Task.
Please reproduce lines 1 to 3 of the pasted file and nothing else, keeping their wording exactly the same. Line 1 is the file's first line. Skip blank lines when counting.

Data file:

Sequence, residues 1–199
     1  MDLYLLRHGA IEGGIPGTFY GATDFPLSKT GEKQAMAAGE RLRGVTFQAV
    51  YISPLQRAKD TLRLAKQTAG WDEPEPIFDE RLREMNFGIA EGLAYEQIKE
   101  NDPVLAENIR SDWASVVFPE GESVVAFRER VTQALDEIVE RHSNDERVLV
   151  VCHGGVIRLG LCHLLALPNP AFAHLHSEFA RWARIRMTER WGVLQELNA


Sequence, residues 1–199
     1  MDLYLLRHGA IEGGIPGTFY GATDFPLSKT GEKQAMAAGE RLRGVTFQAV
    51  YISPLQRAKD TLRLAKQTAG WDEPEPIFDE RLREMNFGIA EGLAYEQIKE